The Chruch added Bridget to the the nativity scene, calling her Mary’s midwife. They also renamed Imbolc to Candlemas, to disguise this holiday’s pagan origins. Bridget was attributed a curious list of qualities that were coincidentally identical to those of the earlier goddess. She was said to have the power to appoint the bishops of her area, an unusual power for an abbess. This was made stranger by her apparent requirement that her bishops also be practicing goldsmiths (hearkening to the second aspect of the goddess described above). This Christian saint was also invoked as muse and healer (the first and third aspects described above).

Queen of Four FiresThis is a myth of Brigid taken from The Storyteller’s Goddess referenced Below. It well described the qualities of the goddess Brigid.

A long time ago, near the beginning, at the first crack of pink in a young morning, near the waters of the magic well, the goddess Bridget slipped into the world and the waiting hands of the nine sisters who swayed and crooned in a great circle around her. The waters of the magic well burbled their joy.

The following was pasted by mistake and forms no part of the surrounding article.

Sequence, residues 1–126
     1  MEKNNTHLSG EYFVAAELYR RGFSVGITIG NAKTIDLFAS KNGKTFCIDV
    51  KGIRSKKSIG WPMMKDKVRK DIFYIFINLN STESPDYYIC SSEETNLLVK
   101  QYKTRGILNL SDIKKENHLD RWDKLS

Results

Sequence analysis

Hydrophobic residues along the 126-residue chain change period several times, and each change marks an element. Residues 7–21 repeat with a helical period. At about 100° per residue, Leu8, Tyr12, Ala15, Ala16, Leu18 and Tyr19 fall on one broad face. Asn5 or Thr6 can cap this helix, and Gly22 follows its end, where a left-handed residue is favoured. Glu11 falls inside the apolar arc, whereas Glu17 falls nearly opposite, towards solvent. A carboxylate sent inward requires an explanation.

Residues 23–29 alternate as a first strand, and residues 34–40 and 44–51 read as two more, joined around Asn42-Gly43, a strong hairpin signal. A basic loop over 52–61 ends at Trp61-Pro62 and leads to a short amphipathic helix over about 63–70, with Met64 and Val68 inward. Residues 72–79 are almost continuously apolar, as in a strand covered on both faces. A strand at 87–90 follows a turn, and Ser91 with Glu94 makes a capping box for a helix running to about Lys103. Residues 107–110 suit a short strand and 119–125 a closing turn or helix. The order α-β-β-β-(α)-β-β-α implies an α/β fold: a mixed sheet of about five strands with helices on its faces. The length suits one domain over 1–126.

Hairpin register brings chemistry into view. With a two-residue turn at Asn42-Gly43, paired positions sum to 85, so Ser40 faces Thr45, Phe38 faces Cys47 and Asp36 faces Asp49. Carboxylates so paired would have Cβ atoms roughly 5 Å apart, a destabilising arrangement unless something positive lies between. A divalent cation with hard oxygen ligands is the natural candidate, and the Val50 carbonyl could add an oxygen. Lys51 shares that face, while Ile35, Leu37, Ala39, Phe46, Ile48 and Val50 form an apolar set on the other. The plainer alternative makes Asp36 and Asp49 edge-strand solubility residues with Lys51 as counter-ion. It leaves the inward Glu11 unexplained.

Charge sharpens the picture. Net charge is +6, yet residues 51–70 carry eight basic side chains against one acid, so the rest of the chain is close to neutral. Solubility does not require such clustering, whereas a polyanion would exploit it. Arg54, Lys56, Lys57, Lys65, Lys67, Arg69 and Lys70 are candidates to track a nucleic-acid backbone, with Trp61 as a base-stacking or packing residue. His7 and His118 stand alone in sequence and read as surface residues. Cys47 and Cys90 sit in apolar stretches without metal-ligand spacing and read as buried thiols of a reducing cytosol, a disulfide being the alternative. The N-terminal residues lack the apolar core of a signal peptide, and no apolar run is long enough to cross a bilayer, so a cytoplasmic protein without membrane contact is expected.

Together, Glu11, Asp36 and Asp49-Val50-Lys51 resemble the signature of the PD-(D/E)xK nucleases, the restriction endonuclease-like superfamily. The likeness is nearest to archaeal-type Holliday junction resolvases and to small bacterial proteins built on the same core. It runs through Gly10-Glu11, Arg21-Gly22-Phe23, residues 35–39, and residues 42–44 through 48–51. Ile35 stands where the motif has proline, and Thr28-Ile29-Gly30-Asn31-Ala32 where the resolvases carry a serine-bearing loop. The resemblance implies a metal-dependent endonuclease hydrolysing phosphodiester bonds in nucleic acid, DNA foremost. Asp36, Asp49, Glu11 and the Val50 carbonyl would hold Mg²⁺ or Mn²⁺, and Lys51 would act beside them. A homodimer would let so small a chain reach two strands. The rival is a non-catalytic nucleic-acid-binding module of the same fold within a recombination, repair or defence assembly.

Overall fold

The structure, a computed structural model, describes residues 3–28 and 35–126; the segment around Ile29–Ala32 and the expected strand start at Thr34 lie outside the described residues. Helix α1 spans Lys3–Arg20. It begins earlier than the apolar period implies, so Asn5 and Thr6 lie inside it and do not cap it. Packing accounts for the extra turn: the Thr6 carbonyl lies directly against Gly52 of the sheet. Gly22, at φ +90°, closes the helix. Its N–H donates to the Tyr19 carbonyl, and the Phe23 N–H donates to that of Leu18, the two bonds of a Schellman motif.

Up rose a column of fire out of the new goddess’s head that burned to the very sky. Bridget reached up her two hands and broke away a flaming plume from her crown of fire and dropped it on the ground before her. There it leapt and shone, making the hearth of the house of the goddess.

Then from the fire of her hearth, Bridget used both hands to draw out a leaping tongue of heat, swallowed it, and felt the fire burn straight to her heart. There stood the goddess, fire crowning her head, licking up inside her heart, glowing and shooting from her hands, and dancing on the hearth before her.